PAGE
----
And it's where Patrick Swayze, the original Dirty Dancer, lifts Baby out of the water. We went to the Dirty Dancing festival nearby, now in its third year, and lifted watermelons (it was a homage of sorts to the "I carried a watermelon" scene from the movie), and joined dance contests.

There was a lakeside screening at 7pm of the movie as the locals – and us – snuggled down in blankets with picnic baskets to watch the sickly sweet classic about a bygone America.

We stayed later that evening at Fibber Magee's Riverfront Inn on the Main St, Chimney Rock, with the mountain river flowing underneath our quaint little room.

The following morning we had breakfast on the porch overlooking the river before driving to Asheville.

When we got there we had lunch in the Corner Kitchen in Biltmore Village – where President Barack Obama brought Michelle when he visited Asheville as president the first time around.

We checked into the Biltmore Inn – on the estate is the Castle of America, as it has been called.

The 250-room chateau was built in 1895 by George Washington Vanderbilt on more than 8,000 acres and was one of the biggest private residences in America.

It was quite a leap from the rustic charm of Fibber Magee's Riverfront Inn in Chimney Rock to the grandiloquent Inn.

We went for a swim in the outdoor heated pool that overlooked the Blue Ridge Mountains. The Beach Boys were playing on the sound system. It was a magical moment.

That night, we hit the hip local town of Asheville, where we experienced the Weekly Bluegrass Jam and local beer sampling at Jack of the Wood, followed by a 20,000-calorie blob of choccy pie at French Broad Chocolate Lounge.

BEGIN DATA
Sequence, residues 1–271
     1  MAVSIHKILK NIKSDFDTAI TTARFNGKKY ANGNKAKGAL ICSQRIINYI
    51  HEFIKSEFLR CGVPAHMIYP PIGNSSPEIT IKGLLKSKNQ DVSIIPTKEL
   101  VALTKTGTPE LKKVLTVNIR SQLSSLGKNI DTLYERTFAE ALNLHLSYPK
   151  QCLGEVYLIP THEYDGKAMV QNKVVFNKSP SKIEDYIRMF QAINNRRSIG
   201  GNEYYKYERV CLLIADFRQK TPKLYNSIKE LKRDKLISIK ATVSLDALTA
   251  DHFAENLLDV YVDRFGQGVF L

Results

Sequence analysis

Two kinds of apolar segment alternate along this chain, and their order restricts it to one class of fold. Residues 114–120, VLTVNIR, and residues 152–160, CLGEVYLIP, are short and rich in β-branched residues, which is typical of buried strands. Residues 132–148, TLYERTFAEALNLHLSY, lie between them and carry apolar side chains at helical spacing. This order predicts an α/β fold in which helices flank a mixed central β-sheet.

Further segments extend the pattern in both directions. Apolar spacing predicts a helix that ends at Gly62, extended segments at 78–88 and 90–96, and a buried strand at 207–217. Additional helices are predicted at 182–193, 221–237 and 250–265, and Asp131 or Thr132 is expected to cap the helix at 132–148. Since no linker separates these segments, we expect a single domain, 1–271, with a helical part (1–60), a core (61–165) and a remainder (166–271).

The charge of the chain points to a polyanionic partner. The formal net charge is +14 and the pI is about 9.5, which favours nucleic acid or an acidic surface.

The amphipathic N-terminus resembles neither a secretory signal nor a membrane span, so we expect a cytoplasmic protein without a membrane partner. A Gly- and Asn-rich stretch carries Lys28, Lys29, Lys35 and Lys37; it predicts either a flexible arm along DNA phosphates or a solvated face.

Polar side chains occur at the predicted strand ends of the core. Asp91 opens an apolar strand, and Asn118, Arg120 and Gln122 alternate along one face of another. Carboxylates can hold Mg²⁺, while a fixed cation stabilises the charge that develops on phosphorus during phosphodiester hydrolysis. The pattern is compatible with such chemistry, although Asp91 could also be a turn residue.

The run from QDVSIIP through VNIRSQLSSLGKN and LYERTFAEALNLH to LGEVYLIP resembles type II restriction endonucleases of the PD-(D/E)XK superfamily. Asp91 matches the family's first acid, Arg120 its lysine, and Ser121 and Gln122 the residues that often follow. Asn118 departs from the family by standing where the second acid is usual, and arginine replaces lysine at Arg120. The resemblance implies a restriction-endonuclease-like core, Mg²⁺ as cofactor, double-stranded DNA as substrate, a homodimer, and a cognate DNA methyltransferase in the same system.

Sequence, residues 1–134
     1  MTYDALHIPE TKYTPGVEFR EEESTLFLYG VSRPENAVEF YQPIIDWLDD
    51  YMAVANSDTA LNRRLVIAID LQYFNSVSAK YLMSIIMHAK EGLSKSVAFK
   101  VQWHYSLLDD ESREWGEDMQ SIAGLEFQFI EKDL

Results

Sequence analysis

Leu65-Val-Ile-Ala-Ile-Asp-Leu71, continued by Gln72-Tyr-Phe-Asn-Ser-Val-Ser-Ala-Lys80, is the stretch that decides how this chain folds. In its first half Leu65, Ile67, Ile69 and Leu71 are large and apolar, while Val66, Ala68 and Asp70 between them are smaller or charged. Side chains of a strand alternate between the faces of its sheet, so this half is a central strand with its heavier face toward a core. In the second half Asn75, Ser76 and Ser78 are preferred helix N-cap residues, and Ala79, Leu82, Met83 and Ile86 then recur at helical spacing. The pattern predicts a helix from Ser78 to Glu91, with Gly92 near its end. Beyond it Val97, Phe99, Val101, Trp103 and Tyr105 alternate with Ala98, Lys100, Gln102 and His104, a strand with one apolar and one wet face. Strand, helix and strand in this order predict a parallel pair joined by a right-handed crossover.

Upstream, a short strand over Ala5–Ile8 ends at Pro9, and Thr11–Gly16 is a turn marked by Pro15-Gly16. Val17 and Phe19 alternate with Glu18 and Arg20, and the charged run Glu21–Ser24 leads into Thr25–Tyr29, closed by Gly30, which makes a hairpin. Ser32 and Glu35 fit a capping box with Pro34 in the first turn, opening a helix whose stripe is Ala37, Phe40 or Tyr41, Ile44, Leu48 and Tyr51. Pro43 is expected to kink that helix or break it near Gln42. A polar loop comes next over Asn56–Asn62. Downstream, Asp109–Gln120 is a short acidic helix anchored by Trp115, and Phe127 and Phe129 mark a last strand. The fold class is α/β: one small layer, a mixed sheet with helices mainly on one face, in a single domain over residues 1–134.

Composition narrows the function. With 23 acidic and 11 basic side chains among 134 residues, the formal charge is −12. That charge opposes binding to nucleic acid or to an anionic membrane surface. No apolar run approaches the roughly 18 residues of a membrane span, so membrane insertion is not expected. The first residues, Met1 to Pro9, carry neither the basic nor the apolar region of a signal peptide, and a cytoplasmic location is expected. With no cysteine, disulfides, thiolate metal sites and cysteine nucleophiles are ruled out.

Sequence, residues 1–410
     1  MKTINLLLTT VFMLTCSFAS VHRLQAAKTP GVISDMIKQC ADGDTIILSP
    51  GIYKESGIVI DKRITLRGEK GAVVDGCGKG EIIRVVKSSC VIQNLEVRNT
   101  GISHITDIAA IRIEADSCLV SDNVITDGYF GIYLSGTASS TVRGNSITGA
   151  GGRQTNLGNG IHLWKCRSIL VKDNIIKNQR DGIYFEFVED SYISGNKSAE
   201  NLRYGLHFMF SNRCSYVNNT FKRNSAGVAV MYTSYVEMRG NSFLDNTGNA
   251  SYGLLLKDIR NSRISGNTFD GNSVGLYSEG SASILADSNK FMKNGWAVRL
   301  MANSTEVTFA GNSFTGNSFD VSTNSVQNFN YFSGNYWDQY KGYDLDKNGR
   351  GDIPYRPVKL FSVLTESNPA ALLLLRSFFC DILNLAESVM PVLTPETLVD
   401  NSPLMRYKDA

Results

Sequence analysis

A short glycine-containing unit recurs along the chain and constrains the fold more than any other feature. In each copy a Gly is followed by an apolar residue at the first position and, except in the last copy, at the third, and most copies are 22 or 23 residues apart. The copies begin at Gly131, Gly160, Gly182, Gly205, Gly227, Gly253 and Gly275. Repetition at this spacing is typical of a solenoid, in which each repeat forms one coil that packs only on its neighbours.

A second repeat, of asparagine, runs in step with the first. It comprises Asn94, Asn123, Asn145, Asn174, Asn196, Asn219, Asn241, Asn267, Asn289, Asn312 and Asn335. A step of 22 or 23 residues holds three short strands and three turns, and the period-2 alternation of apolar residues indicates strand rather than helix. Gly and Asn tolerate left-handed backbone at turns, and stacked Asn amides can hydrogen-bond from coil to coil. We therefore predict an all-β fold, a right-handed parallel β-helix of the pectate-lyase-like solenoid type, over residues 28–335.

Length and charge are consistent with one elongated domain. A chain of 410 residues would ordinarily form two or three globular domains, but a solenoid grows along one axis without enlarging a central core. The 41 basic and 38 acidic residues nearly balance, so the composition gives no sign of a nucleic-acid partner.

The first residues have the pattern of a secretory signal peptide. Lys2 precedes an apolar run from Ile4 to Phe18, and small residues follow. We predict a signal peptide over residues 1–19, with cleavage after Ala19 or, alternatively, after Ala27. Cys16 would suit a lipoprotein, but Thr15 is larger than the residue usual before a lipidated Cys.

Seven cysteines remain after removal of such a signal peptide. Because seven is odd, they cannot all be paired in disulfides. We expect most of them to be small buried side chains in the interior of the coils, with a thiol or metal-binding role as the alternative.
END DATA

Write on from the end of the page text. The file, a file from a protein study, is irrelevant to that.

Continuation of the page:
Two days later, we drove the 90 minutes to Charlotte, stopping en route for a super-stodge burger at a truck depot straight out of an old Elvis show.

That night we went for real gourmet elegance and had dinner at Halcyon, located within the city's famous Mint Museum.

The old US Mint building, now known as the Mint Museum, was taken over by the Confederacy during the civil war as headquarters.

Afterwards, we walked the three minutes to our hotel, the Hyatt House: there was music spilling out of bars and cafes as we walked but we were too stuffed-like-pigs with gorgeous local produce to go in for a bop. We were up at dawn the next day for a swim and then a Segway tour of Charlotte city.

I was initially sceptical of the idea of a Segway tour. I have to say I had a ball. It was a great two hours in and around the tree-lined streets of this deceptively modern southern city – the gateway to the south – with stunning architecture and history to match.

The battlefield stories from the civil war are captivating and moving. Our host entertained us with tales of ghosts and stories of zombies. During the civil war, badly injured men trying to get home would walk through towns, and such would be the southern soldiers' state of gruesome physical bloodiness that the locals thought they were zombies, waking dead.

The civil war was the bloodiest in America's history; 20,000 North Carolinians died in battle – more than any state in the Confederacy.

As we moved at 5mph through the town on our weirdly wonderful machines he told us how the town was named for Charlotte of Mecklenburg-Strelitz, the German-born wife of George III.

North Carolina is certainly a place to visit to feel like down-home royalty.